I have to admit to feeling very upset today over the whole matter of how it is emerging so strongly that people in care homes are finding themselves caught in the horror of COVID19.
Most of my working life related to the experiences of people with disabilities and especially those who were living in residential care and later on I was very much involved with older people.
I think of all the fantastic individuals I have been so privileged to get to know through lengthy interviews and time spent staying in residential care settings.
It was always their individuality that struck me and not the shared fact of being in a category of ‘older person’ or ‘a person with a disability.’
Now it feels like the categorizations are back and the ‘people’ behind the walls of care homes are being half or more than half forgotten about as the rest of the world thinks about freedoms after lockdown.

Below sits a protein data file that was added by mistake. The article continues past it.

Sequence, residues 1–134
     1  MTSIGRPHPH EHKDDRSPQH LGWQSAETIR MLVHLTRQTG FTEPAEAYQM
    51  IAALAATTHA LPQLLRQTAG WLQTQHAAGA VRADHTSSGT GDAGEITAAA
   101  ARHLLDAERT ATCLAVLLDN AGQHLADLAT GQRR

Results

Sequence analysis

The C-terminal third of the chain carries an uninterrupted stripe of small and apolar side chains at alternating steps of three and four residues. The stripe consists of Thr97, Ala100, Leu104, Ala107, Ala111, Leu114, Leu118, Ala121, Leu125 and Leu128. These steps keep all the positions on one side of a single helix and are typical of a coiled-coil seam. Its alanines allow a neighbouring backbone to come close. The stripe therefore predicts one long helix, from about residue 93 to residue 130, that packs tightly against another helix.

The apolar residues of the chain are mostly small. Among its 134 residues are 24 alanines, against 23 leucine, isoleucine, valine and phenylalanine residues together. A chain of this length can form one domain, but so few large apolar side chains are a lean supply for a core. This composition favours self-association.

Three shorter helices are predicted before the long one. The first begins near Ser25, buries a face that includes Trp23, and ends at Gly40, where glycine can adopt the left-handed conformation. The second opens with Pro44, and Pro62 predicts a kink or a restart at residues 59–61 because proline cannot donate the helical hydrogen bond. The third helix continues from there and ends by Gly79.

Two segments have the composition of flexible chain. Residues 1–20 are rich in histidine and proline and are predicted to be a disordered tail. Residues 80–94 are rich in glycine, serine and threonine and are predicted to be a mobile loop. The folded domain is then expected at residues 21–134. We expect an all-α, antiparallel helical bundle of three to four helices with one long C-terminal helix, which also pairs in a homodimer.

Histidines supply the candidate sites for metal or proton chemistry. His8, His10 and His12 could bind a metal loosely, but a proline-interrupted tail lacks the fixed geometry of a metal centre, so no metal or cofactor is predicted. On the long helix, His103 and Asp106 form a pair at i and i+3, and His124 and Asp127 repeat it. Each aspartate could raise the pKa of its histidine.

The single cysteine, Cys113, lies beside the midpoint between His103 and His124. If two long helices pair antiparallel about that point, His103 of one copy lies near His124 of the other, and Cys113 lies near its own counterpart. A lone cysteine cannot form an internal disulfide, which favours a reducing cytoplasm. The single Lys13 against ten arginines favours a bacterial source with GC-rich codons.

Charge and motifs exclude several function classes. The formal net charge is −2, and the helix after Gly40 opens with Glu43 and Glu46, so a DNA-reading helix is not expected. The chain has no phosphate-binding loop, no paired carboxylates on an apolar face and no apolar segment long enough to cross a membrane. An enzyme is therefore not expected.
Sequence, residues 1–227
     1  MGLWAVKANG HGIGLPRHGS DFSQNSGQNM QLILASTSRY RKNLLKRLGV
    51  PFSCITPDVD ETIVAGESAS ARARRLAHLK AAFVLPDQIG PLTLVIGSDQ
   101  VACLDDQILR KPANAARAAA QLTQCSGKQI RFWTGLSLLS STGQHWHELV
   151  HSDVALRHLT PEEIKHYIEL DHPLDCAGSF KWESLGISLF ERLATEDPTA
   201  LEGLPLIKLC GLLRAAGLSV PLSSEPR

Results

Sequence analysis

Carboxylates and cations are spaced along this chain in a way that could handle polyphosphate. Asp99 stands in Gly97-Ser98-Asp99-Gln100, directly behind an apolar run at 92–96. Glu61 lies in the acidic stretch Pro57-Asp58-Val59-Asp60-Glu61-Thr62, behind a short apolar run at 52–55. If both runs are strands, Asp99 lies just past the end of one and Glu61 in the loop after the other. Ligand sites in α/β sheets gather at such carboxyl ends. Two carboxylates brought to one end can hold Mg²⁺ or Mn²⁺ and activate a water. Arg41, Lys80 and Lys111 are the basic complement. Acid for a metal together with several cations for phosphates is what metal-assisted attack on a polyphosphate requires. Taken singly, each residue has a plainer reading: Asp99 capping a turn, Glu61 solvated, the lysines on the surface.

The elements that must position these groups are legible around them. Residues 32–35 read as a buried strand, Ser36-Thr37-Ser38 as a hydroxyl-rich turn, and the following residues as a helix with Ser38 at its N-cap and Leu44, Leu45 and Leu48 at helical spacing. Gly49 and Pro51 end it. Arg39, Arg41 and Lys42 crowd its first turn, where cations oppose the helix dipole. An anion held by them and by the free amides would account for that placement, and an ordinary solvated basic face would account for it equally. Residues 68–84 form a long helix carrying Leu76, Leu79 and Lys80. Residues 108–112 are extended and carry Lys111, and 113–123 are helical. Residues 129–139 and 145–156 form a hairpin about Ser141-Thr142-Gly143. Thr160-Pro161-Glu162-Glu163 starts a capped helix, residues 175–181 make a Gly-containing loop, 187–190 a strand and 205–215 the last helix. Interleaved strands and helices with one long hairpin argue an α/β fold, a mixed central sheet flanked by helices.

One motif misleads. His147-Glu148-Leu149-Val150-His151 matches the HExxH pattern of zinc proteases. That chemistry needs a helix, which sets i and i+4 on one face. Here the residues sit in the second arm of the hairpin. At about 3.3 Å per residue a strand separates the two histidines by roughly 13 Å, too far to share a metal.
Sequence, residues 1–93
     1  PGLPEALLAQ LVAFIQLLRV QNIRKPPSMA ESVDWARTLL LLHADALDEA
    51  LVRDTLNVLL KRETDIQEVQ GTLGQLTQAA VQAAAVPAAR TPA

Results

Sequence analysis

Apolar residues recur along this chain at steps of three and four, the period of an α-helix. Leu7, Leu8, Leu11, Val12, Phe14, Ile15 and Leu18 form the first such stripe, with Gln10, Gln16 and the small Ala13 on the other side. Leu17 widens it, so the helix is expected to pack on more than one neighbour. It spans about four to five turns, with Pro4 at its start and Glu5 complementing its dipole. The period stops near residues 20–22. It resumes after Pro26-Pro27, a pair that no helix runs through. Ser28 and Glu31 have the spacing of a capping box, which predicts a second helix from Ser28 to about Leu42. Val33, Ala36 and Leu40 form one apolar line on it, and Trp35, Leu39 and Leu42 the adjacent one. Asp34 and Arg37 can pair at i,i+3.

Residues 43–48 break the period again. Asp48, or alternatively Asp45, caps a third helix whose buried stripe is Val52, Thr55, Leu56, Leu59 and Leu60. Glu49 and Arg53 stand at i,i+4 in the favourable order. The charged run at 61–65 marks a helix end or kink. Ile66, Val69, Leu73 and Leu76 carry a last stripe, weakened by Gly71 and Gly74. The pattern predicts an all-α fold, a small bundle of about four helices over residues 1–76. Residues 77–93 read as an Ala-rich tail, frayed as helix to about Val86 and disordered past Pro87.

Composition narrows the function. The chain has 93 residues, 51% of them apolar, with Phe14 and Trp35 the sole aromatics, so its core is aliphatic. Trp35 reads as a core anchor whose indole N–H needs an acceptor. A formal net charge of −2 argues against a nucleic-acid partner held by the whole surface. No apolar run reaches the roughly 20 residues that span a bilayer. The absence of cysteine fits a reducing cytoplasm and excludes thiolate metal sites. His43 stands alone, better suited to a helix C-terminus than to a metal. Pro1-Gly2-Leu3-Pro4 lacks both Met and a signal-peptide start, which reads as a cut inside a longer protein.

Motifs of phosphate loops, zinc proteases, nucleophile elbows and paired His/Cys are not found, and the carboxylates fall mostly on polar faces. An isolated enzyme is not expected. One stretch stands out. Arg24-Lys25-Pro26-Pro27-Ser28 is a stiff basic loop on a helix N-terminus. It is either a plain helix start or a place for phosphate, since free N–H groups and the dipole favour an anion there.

Neither older age nor disability make a person any less of a precious human being than anybody else. Neither age nor disability strips a person of feelings, hopes, fears or love of life any more than anybody else.
Of all the people I think about today, my great-aunt Anna stands out. She was the bright romantic star who married for the first time, aged 72, and lived out her last years in a nursing home. Her short term memory wasn’t great but she was as loving, caring, full of fun as anyone I have ever known. At 89, she was game for anything and knew how to listen and advise in a most empathetic way. Age didn’t matter a damn to her, as she would put it.
I can’t bear to think of anyone being viewed as somehow less important than another but know in my heart that if this virus was posing a major threat to millions of children, it would be taking on a whole different aspect.
Obviously, I wouldn’t wish it on any child but I think we have to see our more vulnerable people, especially those in care homes, as being every bit as important and precious as a child and yes I know how precious they are too, even 6ft 3in ones!